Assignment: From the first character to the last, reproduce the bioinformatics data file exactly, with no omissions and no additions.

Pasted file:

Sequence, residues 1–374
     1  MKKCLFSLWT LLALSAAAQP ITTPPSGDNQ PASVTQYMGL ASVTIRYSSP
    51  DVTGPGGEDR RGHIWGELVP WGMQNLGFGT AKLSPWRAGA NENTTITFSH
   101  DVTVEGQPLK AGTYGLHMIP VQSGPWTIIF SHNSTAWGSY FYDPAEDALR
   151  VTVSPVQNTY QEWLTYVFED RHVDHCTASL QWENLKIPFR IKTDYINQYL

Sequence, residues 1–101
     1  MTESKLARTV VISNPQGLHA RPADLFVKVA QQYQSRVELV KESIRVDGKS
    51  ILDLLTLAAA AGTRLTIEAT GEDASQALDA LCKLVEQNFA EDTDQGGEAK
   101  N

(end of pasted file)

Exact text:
Sequence, residues 1–374
     1  MKKCLFSLWT LLALSAAAQP ITTPPSGDNQ PASVTQYMGL ASVTIRYSSP
    51  DVTGPGGEDR RGHIWGELVP WGMQNLGFGT AKLSPWRAGA NENTTITFSH
   101  DVTVEGQPLK AGTYGLHMIP VQSGPWTIIF SHNSTAWGSY FYDPAEDALR
   151  VTVSPVQNTY QEWLTYVFED RHVDHCTASL QWENLKIPFR IKTDYINQYL

Sequence, residues 1–101
     1  MTESKLARTV VISNPQGLHA RPADLFVKVA QQYQSRVELV KESIRVDGKS
    51  ILDLLTLAAA AGTRLTIEAT GEDASQALDA LCKLVEQNFA EDTDQGGEAK
   101  N